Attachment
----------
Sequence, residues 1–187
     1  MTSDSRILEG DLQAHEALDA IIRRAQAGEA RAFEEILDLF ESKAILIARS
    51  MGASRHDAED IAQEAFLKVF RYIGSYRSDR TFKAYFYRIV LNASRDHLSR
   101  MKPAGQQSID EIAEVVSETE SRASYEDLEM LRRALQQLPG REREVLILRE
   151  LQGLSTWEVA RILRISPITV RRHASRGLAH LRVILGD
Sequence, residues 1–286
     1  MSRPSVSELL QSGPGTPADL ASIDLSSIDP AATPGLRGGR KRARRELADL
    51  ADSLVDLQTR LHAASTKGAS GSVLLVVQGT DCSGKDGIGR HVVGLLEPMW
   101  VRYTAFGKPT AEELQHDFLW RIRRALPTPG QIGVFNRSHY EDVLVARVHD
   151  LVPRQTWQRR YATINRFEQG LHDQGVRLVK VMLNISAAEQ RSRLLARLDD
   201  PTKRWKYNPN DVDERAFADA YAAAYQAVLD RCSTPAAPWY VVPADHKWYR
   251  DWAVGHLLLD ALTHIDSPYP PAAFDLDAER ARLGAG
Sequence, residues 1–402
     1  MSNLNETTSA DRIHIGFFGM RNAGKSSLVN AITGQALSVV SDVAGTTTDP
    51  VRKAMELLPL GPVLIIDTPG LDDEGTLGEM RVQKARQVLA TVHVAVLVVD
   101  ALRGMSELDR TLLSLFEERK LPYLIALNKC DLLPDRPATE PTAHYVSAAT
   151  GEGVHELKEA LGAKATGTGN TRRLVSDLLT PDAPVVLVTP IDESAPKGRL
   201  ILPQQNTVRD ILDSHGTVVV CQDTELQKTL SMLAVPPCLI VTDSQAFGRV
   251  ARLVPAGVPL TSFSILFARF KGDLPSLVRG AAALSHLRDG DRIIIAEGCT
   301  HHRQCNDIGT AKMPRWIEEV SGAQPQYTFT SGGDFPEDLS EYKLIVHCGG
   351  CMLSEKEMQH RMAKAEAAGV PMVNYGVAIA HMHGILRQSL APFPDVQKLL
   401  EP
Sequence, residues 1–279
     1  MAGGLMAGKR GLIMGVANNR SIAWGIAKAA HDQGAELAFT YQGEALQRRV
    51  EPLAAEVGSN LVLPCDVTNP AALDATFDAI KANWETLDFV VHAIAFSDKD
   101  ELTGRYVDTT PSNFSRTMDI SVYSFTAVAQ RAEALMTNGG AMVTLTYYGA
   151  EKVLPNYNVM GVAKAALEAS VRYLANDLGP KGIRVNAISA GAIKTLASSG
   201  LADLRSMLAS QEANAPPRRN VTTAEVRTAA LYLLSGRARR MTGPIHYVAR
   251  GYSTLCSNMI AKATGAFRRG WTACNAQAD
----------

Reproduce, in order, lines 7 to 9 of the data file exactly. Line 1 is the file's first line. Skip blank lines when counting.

     1  MSRPSVSELL QSGPGTPADL ASIDLSSIDP AATPGLRGGR KRARRELADL
    51  ADSLVDLQTR LHAASTKGAS GSVLLVVQGT DCSGKDGIGR HVVGLLEPMW
   101  VRYTAFGKPT AEELQHDFLW RIRRALPTPG QIGVFNRSHY EDVLVARVHD